Copper Oxide is one natural resource which is easily found in abundance. Obtained by the oxidation of Cu, CuO (Copper Oxide) has attracted the attention of the scientists due to its easy availability, cheap price and its excellent optical, electrical, physical and magnetic properties. It is extensively used in varied applications such as catalysis, gas sensor, solar energy conversion and in the field of emission. These novel properties can be obtained by synthesis in Copper Oxide Nanoparticles which shows excellent performance compared to other bulk counterpart. CuO nanofluids acts as a coolant in refrigerators when nanofluids is mixed with carrier fluid to enhance the energy transfer.
Preparation of Copper Oxide Nanoparticles
By investing great efforts, the scientists and researchers found many methods conducive to produce well dispersed nanoparticles with varying shapes, sizes and morphology through thermal oxidation, electrodeposition, hydrothermal treatment, high-temperature combustion, gas-phase oxidation, quick-precipitation etc. Hydrothermal and quick-precipitation are widely used for the preparation because they involve safe and environment friendly synthesis methods at moderate temperatures and quick-precipitation is more attractive due to simple operation, ease of mass production and cost-effectiveness. The sol-gel method is conveniently used because it is easy and economical.
In this method, a colloidal suspension (sol) and gelation of the sol are formed to create a flowing liquid phase. Nanocrystalline and bulk CuO are prepared by thermal decomposition of fresh preparation of Cu(OH)2 at different temperatures. Cu(OH)2 is prepared by reacting with aqueous solution of copper nitrate and sodium hydroxide. Sodium hydroxide is added drop by drop till the PH of solution reaches to 12 and the chemical reaction takes place. The resultant is bluish green liquid which is washed with distilled water till they are free from nitrate ions. The residual precipitate is further heated on 100 degrees for 10 hours. Copper hydroxide decomposes into copper oxide upon heating. Following this process, bulk and nanocrystalline CuO samples are formed by heating copper hydroxide in air for three hours at different temperatures.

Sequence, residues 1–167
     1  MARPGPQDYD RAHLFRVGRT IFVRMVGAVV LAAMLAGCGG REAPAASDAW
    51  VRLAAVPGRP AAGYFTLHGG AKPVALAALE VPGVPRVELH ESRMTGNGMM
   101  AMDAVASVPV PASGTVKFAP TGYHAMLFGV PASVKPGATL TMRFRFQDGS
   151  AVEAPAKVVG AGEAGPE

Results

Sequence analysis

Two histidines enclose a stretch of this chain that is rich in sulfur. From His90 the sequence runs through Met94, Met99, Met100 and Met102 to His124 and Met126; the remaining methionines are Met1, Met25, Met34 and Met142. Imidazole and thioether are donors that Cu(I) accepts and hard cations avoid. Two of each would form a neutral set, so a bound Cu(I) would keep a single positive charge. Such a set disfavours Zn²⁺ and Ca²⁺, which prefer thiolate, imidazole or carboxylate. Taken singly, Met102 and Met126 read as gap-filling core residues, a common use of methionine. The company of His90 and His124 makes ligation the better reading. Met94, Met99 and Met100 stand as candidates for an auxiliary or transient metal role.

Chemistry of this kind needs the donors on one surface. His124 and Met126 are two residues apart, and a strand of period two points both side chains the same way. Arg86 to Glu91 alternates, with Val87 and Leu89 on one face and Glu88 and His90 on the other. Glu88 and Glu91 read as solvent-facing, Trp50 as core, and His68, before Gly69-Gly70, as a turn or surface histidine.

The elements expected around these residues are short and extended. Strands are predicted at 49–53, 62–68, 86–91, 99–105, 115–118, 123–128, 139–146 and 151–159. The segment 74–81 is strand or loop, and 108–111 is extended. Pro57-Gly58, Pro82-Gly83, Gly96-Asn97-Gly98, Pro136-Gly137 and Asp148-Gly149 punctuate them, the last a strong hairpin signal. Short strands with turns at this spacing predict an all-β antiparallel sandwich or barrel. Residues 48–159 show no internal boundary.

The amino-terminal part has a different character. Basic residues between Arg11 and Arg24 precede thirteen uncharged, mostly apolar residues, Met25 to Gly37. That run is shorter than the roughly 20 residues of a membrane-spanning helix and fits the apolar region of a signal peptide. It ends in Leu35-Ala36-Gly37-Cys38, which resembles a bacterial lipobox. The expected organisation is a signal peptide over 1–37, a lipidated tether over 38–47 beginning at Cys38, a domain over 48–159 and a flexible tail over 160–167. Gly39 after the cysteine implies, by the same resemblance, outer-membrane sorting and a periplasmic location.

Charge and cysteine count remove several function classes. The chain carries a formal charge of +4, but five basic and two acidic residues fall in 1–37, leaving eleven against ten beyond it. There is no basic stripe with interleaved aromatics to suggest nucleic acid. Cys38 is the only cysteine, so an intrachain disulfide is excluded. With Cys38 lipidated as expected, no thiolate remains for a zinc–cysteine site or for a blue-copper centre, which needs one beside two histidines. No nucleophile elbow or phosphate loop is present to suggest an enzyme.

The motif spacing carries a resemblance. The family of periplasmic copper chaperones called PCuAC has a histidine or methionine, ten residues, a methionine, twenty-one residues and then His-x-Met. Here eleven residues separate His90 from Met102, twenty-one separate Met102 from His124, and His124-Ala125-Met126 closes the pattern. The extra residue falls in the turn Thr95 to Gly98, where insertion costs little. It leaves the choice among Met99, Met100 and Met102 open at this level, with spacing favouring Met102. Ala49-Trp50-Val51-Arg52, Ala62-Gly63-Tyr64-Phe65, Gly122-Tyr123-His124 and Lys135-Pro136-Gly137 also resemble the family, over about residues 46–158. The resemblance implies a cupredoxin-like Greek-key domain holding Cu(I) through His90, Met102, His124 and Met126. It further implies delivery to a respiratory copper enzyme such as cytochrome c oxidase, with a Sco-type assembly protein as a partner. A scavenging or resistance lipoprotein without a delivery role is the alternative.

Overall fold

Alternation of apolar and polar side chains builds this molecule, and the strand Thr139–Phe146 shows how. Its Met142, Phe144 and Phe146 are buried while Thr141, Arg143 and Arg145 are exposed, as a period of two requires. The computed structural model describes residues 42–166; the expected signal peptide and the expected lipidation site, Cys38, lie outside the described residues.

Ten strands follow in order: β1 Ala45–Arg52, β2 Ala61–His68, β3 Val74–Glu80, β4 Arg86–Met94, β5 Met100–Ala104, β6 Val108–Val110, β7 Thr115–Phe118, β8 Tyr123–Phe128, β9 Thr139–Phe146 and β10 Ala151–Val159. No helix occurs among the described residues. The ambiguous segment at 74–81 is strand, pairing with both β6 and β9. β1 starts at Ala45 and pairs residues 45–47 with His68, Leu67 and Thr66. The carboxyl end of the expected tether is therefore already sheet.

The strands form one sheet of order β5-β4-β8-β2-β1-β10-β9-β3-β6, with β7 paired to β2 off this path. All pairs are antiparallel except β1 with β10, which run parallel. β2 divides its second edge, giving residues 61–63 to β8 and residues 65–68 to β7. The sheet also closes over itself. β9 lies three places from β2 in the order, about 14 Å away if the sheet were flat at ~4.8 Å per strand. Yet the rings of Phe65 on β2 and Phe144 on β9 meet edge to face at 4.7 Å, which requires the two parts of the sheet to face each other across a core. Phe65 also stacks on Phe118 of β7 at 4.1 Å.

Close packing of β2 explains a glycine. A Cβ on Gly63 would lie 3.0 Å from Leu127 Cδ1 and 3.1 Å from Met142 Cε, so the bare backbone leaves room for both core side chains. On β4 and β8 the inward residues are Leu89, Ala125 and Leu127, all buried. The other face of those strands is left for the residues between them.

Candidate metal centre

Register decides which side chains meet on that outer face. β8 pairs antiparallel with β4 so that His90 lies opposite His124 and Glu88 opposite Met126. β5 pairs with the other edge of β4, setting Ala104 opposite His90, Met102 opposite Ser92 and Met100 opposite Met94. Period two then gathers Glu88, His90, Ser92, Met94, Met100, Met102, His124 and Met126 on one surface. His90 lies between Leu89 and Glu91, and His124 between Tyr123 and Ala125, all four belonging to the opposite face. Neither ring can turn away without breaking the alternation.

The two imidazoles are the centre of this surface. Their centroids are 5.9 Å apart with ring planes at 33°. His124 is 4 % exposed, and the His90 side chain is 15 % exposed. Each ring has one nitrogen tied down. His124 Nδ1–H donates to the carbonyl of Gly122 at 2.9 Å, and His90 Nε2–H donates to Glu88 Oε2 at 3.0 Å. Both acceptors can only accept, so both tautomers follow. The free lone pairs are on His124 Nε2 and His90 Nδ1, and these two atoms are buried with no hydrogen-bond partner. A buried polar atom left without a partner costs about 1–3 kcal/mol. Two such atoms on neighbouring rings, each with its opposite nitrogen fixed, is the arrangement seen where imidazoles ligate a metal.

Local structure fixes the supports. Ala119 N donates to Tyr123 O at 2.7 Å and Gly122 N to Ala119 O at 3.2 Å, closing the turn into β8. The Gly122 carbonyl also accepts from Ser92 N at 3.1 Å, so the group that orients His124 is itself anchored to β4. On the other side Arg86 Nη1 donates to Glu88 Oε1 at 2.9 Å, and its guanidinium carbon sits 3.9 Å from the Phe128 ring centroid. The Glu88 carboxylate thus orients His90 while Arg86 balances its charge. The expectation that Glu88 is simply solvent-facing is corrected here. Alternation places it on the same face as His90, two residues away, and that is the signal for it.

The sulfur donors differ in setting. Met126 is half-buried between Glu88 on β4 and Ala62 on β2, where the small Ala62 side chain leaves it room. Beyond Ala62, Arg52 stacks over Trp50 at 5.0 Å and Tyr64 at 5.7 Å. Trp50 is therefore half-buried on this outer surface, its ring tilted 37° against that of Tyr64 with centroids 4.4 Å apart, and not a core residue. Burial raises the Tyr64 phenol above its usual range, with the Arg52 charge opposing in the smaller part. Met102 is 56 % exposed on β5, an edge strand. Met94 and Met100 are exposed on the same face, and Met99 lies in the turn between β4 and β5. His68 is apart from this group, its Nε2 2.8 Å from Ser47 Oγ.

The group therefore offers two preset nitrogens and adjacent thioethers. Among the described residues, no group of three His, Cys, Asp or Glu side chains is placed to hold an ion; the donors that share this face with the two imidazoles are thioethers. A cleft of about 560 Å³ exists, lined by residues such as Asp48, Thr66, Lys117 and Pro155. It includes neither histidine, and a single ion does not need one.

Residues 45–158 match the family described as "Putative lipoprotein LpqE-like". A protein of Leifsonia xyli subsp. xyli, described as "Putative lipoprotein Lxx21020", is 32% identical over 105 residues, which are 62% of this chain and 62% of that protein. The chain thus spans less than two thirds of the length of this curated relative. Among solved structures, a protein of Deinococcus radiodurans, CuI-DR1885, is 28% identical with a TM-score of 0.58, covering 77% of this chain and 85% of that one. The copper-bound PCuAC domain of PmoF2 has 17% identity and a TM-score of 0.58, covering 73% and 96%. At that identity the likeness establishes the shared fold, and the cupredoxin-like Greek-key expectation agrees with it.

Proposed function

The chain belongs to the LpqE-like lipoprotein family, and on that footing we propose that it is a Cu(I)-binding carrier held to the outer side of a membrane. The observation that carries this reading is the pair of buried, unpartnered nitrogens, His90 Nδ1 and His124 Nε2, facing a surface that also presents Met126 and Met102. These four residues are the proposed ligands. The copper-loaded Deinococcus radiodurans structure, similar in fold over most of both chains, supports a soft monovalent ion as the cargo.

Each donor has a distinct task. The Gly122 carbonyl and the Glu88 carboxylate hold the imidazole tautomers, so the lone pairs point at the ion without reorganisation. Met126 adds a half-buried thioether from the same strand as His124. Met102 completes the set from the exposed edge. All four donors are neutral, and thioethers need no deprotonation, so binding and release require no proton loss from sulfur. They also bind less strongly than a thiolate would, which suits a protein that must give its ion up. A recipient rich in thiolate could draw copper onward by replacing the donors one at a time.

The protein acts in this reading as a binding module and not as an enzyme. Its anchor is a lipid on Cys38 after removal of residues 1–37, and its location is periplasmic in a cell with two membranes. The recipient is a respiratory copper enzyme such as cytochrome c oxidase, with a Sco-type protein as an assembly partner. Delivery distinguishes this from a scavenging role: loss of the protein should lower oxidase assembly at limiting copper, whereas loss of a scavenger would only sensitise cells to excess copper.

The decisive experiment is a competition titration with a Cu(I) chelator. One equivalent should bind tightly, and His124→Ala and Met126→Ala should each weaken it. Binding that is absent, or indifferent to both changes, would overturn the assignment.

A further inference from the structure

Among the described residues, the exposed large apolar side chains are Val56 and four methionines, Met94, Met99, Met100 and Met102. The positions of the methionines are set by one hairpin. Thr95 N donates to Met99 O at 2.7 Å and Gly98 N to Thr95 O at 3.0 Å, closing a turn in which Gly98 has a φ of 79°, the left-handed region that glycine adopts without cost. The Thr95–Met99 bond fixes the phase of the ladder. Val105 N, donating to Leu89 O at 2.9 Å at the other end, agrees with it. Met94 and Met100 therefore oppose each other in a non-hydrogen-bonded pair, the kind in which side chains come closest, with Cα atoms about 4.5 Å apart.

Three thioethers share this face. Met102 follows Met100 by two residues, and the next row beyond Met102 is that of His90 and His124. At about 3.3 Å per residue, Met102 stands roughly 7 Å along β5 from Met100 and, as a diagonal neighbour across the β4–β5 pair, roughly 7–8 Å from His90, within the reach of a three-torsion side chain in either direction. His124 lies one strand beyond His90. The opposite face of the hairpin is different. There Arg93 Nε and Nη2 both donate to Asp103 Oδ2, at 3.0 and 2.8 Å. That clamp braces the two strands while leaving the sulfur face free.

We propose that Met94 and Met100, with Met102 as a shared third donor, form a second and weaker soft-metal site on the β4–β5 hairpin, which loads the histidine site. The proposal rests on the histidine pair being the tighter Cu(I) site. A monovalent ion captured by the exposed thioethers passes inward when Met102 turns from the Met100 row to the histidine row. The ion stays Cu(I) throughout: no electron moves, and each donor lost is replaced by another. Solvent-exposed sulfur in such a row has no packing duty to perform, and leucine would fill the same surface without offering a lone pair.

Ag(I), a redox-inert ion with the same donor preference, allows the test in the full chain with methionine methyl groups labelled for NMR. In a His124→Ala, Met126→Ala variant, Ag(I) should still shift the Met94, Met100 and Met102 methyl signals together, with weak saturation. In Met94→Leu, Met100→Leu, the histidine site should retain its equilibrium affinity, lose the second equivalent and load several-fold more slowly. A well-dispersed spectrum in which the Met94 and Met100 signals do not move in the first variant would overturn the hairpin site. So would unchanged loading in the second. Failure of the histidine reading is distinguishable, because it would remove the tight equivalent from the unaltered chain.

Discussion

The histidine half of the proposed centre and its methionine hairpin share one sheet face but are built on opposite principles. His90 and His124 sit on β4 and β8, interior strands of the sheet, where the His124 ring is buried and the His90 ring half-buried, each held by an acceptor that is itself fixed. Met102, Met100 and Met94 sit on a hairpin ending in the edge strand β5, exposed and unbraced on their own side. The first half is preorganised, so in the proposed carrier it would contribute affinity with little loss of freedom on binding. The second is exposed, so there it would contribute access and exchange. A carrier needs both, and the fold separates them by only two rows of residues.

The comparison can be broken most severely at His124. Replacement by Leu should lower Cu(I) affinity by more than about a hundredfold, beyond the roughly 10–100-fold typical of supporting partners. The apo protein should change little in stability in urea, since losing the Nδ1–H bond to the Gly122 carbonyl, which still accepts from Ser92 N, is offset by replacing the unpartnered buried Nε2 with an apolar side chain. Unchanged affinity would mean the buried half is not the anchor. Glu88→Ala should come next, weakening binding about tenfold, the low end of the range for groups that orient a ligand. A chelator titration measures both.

Characterization of Copper Oxide Nanoparticles
X-ray diffractometer, differential thermal analyser (DTA), thermogravimetric analyser (TGA) and vibrating sample magnetometer are used for characterization of CuO nanoparticles.
Adopting DTA method, the sample and the inert reference material are heated under identical conditions. The difference of temperature of sample and reference material is continuously recorded during the procedure. The difference in temperature is plotted against the temperature. Changes in the sample is detected due to the absorption or evolution of heat. The DTA method helps to detect transition in temperature, heat capacity, identification of materials etc. An endothermic and exothermic transition gives rise to a peak in the DTA curve. Adopting TGA process, the thermal stability and fraction of volatile components in a material by observing the weight change that occurs during the heating of the material. The measurement is carried out in air or in an inert atmosphere and the weight is recorded as a function of increasing temperature. To stable the condition of the sample, maximum temperature is selected to stabilize the condition of the sample at the end of the experiment.
Copper Oxide Nanoparticles has attracted the attention of researchers and scientists due to its diverse applications. It can be used as doping material in semiconductors, chemical sensors, biological applications, efficient antimicrobial agents etc. An extensive research is being conducted on finding out its varied uses and compatibility.